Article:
On Shabuot, we celebrate and recommit ourselves to the belief of the Torah’s eternal quality. We were chosen to receive this most precious commodity – a system of values and ideals that is everlasting. Only Torah has passed, and will always continue to pass, the test of time. This is what makes the Torah such a special and unique gift, and worthy of our ongoing, unconditional and enthusiastic commitment and devotion.



Youtube Video: Rabbi Mansour preparing for Shavuot





Selected & translated by David Azerad, Hazzan Maghen Abraham  




There are four names for the festival of Shavuot:

  1. Shavuot, as we read: “Then you shall observe the Festival of Weeks (Ḥag Shavuot) for the Lord your God” (Devarim 16:10).
  2. The Harvest Festival (Ḥag Ha-katzir), as we read: “the Festival of the Harvest, of the first fruits of your work, of what you sow in the field” (Shemot 23:16).
  3. The Day of the First Fruits (Yom Ha-bikurim), as we read: “on the day of the first fruits, your Festival of Weeks, when you bring an offering of new grain to the Lord” (Bamidbar 28:26).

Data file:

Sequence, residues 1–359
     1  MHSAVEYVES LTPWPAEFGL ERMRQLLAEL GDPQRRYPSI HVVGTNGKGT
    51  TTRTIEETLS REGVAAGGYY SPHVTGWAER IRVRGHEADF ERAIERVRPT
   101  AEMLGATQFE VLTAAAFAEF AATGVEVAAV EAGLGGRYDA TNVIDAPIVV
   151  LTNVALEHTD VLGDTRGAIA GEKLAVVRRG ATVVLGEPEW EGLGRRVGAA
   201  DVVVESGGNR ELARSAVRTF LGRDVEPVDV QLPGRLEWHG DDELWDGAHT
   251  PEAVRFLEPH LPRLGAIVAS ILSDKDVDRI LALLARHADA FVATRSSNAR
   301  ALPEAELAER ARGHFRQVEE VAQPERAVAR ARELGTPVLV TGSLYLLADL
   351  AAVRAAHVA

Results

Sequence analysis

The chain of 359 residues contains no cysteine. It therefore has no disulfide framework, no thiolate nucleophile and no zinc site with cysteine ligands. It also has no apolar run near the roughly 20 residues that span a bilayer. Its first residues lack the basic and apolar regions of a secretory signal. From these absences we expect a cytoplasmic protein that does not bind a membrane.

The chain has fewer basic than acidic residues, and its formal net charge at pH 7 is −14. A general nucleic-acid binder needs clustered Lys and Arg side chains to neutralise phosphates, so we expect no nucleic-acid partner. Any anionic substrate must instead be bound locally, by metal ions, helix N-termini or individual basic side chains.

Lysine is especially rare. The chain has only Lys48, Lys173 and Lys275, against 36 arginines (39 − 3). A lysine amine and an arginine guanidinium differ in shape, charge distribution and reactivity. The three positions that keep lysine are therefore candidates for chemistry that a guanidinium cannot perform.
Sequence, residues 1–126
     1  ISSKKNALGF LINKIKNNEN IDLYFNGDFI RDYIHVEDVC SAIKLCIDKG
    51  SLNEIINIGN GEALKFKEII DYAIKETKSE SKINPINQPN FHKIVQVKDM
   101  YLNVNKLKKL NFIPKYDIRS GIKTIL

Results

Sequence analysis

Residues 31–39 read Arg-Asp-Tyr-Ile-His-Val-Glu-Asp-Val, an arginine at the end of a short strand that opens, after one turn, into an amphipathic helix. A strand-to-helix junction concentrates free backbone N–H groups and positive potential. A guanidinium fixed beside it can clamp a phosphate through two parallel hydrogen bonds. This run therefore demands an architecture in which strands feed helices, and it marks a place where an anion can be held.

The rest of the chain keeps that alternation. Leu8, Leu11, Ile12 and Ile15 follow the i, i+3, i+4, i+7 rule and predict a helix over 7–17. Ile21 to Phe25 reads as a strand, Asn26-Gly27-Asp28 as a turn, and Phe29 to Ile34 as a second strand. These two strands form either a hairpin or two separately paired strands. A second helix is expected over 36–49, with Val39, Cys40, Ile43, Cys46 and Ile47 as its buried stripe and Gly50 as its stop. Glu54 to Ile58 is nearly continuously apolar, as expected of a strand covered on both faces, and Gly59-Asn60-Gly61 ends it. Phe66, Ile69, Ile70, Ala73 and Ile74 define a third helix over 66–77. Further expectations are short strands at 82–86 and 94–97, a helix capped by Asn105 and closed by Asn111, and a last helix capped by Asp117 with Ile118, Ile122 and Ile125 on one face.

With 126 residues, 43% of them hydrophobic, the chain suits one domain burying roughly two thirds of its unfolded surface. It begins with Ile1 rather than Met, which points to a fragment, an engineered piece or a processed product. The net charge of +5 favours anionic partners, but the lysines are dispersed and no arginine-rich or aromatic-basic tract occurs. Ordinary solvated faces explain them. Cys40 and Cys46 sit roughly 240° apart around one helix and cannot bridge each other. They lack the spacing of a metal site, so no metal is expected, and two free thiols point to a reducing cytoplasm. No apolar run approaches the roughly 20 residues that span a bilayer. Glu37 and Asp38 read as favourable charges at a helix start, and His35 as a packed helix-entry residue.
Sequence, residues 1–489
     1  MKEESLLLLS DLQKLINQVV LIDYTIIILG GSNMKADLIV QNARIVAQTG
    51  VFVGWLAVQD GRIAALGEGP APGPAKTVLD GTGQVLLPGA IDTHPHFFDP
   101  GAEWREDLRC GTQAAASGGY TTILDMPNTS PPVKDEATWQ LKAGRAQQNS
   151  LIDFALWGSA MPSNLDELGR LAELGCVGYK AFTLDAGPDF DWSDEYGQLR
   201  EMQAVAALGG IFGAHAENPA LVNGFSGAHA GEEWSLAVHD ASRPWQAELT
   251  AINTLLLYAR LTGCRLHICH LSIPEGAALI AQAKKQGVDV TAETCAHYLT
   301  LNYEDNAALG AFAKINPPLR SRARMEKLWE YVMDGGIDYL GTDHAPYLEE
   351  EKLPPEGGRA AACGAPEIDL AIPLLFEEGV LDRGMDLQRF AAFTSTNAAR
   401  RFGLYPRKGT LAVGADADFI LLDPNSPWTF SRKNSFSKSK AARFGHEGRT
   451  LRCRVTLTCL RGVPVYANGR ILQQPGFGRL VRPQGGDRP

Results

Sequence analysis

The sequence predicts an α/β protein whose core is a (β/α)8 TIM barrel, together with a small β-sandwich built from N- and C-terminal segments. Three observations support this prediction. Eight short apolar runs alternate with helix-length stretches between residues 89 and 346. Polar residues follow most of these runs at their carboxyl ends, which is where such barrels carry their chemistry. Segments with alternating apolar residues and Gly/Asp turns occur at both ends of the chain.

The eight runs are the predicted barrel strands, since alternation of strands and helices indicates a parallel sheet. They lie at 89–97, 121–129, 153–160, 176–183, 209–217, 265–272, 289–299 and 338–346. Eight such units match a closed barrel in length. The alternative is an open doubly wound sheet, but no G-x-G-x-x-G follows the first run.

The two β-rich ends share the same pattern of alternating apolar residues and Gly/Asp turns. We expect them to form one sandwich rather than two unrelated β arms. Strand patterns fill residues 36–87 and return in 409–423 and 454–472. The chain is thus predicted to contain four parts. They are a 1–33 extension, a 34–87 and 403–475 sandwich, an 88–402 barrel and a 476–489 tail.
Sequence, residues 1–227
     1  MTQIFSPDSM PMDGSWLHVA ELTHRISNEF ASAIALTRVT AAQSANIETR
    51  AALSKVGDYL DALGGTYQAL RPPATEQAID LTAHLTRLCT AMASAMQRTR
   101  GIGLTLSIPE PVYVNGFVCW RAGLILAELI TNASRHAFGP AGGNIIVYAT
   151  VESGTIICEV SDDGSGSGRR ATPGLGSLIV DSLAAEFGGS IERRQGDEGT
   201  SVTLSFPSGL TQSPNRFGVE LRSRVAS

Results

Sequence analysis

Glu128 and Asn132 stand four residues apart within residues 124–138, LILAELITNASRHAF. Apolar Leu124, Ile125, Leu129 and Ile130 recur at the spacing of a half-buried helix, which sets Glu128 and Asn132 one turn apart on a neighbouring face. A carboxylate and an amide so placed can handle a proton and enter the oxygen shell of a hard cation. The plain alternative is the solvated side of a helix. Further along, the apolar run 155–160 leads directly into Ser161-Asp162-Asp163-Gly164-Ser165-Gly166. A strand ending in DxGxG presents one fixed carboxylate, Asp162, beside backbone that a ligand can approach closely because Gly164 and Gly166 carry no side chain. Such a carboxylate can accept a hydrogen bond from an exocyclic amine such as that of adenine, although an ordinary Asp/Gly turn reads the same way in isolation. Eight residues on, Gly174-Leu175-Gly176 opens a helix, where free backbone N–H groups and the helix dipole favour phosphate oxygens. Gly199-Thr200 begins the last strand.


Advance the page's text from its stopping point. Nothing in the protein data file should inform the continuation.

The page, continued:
4. The Gathering (Atzeret), the festival’s name in rabbinic literature.

We will begin by explaining its primary name – Shavuot.


The timing of Shavuot is unique. All other festivals have a defined date – Pesaḥ starts on the fifteenth of Nisan, Rosh Ha-shana on the first of Tishrei, Yom Kippur on the tenth of Tishrei, and Sukkot on the fifteenth of Tishrei. However, Shavuot has no assigned date. Its date is dependent upon Sefirat Ha-omer. The omer offering was brought on the second day of Pesaḥ. From that day, we count seven weeks, for a total of 49 days. The following day (the fiftieth) is celebrated as Shavuot. Thus we read: “And from the day on which you bring the sheaf (omer) of elevation offering – the day after the Sabbath – you shall count off seven weeks. They must be complete: you must count until the day after the seventh week – fifty days, then you shall bring an offering of new grain to the Lord” (Vayikra 23:15-16). Similarly, we read: “You shall count off seven weeks; start to count the seven weeks when the sickle is first put to the standing grain. Then you shall observe the Festival of Weeks for the Lord your God” (Devarim 16:9-10). True, nowadays Shavuot is always on the sixth of Sivan, but this is because we have a set calendar. In the past, when rabbinic courts were comprised of properly ordained judges (musmakhim), they would sanctify the new moon, determining Rosh Ḥodesh based on testimony as to the moon’s appearance. Under those circumstances, the festival was sometimes celebrated on the fifth or seventh of Sivan.